Utility company Ameren Illinois should not be allowed to lower its energy savings target set by the state’s new clean energy law, according to a recommendation filed Tuesday by an administrative law judge at the Illinois Commerce Commission.
The downstate electric and gas utility provider filed a petition in June asking the commission to sign off on a revised energy-efficiency plan that fails to meet annual savings targets required under the Illinois Future Energy Jobs Act, which took effect in January.
Under Ameren’s proposal, environmental and consumer advocates say residents in central and southern Illinois would pay nearly 30 percent more than projected on utility bills while Ameren takes in millions of dollars in incentives outlined in the new law.
In a proposed order issued Tuesday, Administrative Law Judge Jan Von Qualen recommended that the commission deny Ameren’s request to reduce its current energy-savings goals, which the company has said would require it to spend more than fellow utility ComEd. Von Qualen cited testimony from the office of Illinois Attorney General Lisa Madigan, stating that the company’s request “is based on an overestimation of the cost it will incur” to achieve its target.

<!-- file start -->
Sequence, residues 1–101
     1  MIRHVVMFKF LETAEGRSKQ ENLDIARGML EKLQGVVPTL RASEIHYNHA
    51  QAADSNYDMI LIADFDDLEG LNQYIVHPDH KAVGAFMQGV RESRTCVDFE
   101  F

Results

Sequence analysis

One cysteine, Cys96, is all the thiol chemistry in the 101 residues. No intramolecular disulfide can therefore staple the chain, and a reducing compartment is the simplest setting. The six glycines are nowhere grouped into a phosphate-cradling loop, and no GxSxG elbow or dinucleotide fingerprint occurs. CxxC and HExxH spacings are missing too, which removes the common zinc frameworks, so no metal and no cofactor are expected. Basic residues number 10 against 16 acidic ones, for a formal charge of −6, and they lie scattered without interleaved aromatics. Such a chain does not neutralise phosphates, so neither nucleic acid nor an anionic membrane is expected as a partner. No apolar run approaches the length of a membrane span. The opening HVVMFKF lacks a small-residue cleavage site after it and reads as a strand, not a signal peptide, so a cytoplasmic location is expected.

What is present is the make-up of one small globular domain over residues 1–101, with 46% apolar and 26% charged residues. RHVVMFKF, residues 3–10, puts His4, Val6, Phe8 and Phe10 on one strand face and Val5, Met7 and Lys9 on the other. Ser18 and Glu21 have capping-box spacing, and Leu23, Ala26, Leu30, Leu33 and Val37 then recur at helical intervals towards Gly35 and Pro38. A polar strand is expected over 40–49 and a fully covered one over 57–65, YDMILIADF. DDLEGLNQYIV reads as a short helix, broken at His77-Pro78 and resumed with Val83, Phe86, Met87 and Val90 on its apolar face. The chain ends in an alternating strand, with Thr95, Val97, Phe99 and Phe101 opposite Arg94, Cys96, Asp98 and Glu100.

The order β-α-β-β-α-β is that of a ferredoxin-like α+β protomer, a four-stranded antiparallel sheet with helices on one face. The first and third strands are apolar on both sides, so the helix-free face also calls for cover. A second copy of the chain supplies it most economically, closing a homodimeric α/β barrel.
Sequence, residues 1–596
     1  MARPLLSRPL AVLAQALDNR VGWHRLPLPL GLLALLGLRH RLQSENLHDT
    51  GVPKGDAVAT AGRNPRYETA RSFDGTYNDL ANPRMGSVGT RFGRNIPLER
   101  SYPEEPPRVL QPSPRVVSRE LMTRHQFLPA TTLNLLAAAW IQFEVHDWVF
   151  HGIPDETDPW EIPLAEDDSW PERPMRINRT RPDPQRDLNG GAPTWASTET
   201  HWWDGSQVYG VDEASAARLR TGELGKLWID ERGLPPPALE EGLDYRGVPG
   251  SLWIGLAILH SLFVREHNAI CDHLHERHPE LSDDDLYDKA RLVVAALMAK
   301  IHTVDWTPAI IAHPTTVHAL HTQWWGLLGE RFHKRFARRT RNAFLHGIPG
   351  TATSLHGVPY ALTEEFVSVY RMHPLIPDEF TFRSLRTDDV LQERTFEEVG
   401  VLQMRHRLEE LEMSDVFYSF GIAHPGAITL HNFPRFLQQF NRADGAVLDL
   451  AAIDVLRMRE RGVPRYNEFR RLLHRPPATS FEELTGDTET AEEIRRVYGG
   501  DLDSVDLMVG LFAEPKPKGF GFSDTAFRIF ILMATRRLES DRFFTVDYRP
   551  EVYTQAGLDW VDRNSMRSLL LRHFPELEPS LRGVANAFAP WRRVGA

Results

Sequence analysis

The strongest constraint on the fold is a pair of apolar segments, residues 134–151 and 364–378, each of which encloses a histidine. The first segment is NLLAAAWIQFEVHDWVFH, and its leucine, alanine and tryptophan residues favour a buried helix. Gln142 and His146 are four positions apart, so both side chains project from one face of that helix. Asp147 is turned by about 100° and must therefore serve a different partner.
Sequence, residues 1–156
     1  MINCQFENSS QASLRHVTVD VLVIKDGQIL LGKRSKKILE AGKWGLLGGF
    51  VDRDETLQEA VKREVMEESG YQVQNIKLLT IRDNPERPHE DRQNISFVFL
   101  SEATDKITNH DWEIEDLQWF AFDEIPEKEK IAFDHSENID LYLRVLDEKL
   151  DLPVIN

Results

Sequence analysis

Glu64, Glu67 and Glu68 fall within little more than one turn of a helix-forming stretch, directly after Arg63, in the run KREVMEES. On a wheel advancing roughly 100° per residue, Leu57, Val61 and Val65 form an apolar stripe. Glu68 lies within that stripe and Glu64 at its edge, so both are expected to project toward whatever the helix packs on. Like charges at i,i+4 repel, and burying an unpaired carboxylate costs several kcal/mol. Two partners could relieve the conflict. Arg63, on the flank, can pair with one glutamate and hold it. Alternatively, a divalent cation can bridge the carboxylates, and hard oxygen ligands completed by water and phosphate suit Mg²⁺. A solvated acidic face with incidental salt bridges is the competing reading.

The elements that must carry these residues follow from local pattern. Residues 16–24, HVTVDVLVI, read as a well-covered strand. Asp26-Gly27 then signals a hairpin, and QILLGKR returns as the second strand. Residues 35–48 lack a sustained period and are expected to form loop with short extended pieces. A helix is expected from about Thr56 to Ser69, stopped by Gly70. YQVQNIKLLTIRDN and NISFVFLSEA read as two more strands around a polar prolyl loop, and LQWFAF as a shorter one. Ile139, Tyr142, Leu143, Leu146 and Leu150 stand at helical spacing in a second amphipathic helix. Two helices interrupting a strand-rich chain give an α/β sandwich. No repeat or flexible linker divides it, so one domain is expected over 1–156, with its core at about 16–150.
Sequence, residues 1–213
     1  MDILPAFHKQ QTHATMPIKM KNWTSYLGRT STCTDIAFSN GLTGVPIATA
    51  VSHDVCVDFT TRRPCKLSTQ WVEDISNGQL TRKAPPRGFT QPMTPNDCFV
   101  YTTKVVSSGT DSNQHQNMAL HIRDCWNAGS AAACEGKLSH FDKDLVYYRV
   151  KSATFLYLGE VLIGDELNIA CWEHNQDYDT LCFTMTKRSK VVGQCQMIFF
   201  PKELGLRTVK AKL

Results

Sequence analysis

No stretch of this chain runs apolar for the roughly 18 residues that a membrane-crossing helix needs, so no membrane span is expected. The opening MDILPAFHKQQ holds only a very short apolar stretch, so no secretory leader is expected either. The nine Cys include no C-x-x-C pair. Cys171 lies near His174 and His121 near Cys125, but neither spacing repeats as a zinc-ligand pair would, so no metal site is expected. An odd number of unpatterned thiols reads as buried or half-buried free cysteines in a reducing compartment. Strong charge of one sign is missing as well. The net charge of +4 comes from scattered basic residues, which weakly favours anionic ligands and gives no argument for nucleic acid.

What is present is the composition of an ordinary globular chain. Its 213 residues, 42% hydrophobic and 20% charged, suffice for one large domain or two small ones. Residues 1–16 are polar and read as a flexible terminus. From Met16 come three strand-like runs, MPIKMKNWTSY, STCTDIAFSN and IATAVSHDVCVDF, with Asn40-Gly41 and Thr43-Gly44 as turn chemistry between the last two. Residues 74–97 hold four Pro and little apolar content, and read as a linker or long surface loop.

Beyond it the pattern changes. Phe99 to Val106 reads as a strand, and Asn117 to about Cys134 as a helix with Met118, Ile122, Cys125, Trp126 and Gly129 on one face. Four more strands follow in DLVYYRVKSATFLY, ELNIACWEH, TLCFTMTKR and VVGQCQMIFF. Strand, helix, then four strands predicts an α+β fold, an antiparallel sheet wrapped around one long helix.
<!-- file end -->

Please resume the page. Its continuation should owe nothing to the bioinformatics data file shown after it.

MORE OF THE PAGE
The recommendation represents a victory for environmental and consumer advocates who have battled with Ameren since the company requested permission to lower its energy-savings target in late June. Over the past two months, both sides have submitted dozens of reports and testimonies with the commission, which has until mid-September to decide whether to accept Ameren’s revised plan.
The commission is not required to follow the judge’s recommendation in its ruling.
“Ameren should be able to deliver energy efficiency programs that serve low-income communities and at the same time achieve the energy efficiency targets that the company agreed to under FEJA,” said Billy Weinberg, spokesperson for the Illinois Clean Jobs Coalition, in a statement. “We are hopeful that members of the Illinois Commerce Commission will agree with the judge in this case, and we look forward to working with Ameren on a plan that meets the goals set forth in FEJA.”
Under the new clean energy law, Ameren Illinois is required to achieve 16 percent annual savings by 2030 relative to average annual electricity sales over the past three years. But the company has asked the state to allow a 27-percent reduction of its target compared to the target that was just agreed to under the new law.
That target was already lower than ComEd’s, thanks to Ameren’s negotiations with Illinois lawmakers. Unlike Ameren, ComEd has not requested an adjustment of its savings goals.
Approval of Ameren’s plan would cost downstate residents nearly 30 percent in savings on utility bills and also jeopardize 7,000 jobs that could be created by the new law, according to the Natural Resources Defense Council.
But Ameren says that without a lower target, it would need to spend 44 percent more per kilowatt hour of energy saved than ComEd because of “unique circumstances” of Ameren’s service territory, which covers much of rural Illinois.